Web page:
Director Johnson debuted in 2005 with Brick, a kind of film noir hardboiled detective movie set in a modern California high school. Although Da Queen didn’t like it much, I respected it for its cadences, the obvious love of the source material and the imaginative genre-bending that was done. There are some of those elements here as well.

Brody is making a career out of the sad sack romantic, and nobody does it better. He’s not really the sweetest person on earth nor is he the handsomest, but he always seems endearing enough to charm the pants off (literally) nurturing young women. Ruffalo gets to play a very meaty part that doesn’t look like it so much on the surface, but he imbues Stephen with enough quirks and just enough compassion to make him really compelling by film’s end.

Think of Johnson stylistically as a cross between Wes Anderson and David Mamet; I’d say overall the tone of the movie combines Mamet’s House of Games with Anderson’s The Royal Tenenbaums. Anyone who knows these movies will either be straining at the leash to go see The Brothers Bloom based on that description or will be running for the nearest exit.

I get it; the movie is quirky and offbeat which can be a turn-off for mainstream moviegoers who like their movies pre-packaged with predictable storylines, well-known actors and Hollywood endings. This ain’t for you, folks; this is for those who love to be surprised and pulled every which way at the movies. This doesn’t have the wallop of The Sting but it does keep you guessing throughout the movie until you don’t know which way is up, which way is down or which way to the popcorn stand. If you’re headed that way, pick me up a bag with extra butter. If I’m going to chow down on The Brothers Bloom, I might as well go all the way.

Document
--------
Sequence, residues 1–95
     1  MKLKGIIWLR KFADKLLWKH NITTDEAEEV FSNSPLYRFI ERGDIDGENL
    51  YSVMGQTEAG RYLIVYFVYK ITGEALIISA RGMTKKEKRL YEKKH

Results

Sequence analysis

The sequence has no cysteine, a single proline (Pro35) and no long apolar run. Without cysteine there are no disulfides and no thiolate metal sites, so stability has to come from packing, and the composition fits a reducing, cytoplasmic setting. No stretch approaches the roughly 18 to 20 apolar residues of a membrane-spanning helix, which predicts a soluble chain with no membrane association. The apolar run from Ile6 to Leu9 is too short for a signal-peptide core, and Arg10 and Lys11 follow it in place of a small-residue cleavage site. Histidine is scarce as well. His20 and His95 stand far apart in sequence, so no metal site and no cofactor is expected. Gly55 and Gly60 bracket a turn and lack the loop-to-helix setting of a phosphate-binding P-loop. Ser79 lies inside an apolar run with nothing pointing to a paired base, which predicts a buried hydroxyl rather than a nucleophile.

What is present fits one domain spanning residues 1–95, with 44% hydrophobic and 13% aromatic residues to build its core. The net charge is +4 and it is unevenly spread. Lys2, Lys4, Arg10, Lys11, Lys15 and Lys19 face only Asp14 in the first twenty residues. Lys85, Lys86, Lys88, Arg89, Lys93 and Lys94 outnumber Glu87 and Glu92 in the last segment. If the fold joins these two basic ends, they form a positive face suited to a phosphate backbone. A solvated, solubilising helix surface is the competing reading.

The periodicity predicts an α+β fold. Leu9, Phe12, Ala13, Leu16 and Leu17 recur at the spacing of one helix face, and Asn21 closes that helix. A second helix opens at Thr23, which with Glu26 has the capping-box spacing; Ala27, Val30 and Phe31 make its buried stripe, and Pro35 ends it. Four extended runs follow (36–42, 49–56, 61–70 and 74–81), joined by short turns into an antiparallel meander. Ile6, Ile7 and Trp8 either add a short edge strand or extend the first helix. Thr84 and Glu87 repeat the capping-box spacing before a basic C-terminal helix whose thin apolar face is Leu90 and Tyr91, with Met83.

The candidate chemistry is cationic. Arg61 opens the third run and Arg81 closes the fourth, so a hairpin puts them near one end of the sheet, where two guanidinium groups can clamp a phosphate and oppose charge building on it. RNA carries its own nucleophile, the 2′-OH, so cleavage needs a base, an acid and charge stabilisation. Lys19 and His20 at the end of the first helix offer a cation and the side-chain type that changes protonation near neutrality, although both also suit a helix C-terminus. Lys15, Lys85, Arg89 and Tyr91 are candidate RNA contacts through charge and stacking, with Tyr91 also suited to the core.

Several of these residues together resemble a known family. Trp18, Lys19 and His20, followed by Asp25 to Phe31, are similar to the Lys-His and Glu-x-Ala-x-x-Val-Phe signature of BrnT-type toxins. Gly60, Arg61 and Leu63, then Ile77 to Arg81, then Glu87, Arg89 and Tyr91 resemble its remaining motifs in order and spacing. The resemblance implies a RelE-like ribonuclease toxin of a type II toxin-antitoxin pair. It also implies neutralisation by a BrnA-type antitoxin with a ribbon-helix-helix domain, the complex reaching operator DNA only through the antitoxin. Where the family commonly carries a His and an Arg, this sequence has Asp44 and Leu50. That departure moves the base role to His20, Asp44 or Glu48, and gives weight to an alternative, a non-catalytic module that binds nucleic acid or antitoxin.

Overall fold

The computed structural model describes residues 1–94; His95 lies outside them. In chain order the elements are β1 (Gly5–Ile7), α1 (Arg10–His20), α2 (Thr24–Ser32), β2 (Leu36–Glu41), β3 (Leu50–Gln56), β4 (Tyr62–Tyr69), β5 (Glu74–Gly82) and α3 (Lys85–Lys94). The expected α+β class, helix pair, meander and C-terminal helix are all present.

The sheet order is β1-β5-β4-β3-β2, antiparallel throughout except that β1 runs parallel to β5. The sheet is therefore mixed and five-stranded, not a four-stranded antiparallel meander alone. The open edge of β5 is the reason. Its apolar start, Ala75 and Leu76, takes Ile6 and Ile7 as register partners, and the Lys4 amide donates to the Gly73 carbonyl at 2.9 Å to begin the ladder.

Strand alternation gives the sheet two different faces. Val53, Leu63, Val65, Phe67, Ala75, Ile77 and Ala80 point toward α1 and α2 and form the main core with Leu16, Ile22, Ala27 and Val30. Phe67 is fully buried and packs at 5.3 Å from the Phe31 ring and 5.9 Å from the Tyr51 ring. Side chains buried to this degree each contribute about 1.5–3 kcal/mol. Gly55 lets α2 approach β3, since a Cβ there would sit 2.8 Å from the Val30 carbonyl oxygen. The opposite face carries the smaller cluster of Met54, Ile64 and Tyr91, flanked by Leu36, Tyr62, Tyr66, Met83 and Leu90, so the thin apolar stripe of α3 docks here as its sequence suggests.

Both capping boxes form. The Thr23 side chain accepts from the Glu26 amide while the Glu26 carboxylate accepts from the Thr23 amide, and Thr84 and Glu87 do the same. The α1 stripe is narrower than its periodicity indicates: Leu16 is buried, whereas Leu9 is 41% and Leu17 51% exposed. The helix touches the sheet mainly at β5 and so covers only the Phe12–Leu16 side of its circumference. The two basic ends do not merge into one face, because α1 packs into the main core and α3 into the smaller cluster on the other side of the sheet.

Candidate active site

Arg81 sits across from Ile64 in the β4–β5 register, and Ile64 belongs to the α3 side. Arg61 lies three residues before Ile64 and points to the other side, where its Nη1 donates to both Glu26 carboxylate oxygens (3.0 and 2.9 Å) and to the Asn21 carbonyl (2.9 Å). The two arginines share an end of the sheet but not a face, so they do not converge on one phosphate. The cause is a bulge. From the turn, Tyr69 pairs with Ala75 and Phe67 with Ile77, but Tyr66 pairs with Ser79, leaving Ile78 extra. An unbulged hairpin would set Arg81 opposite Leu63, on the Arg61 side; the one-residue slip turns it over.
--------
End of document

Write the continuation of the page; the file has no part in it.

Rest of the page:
WHY RENT THIS: Johnson is a phenomenal talent behind the camera and the movie may be quirky but it is ultimately endearing.

WHY RENT SOMETHING ELSE: The tone of the movie is offbeat and American audiences don’t do offbeat.

FAMILY VALUES: There is a touch of foul language, some brief violence and a bit of implied sensuality but overall nothing most kids haven’t already seen before. 

TRIVIAL PURSUIT: The various hobbies “collected”  by Penelope in the montage, actress Rachel Weisz learned to do every single one of them.

NOTABLE DVD EXTRAS: None listed.

BOX OFFICE PERFORMANCE: $5.5M on an unreported production budget; although this is an indie as it gets, chances are it didn’t make any money.

FINAL RATING: 5.5/10

TOMORROW: Righteous Kill

The Great Buck Howard


The Great Buck Howard

Colin Hanks and Emily Blunt are blissfully ignorant that Steve Zahn just grabbed John Malkovich's privates.

(2008) Comedy (Magnolia) John Malkovich, Colin Hanks, Emily Blunt, Ricky Jay, Tom Hanks, Steve Zahn, Griffin Dunne, Debra Munk, Wallace Langham, Adam Scott, George Takei. Directed by Sean McGinley

Show biz is heroin. It gets into the system and stays there, mercilessly demanding the entire attention of the poor sap who gets addicted to it, until there is nothing left but a chewed-out husk. Once in awhile, it brings the seductive allure of success and acclaim, but more often than not, disappointment and obscurity.

Buck Howard (Malkovich) is a mentalist (don’t call him a magician unless you want to be chewed out and humiliated) who has 61 appearances on the Tonight Show – the real one, the one with Johnny Carson hosting, not the one with that Leno fellow. However, since his heyday Buck has fallen on hard times, taking his act to smaller and less glamorous venues, but with the never-say-die attitude of a true show biz trooper, cries out in every Podunk Berg he plies his trade in, “I love this town!!” followed by “I love you people!” Both are about as heartfelt as a 10-year-old saying he didn’t eat the cookies.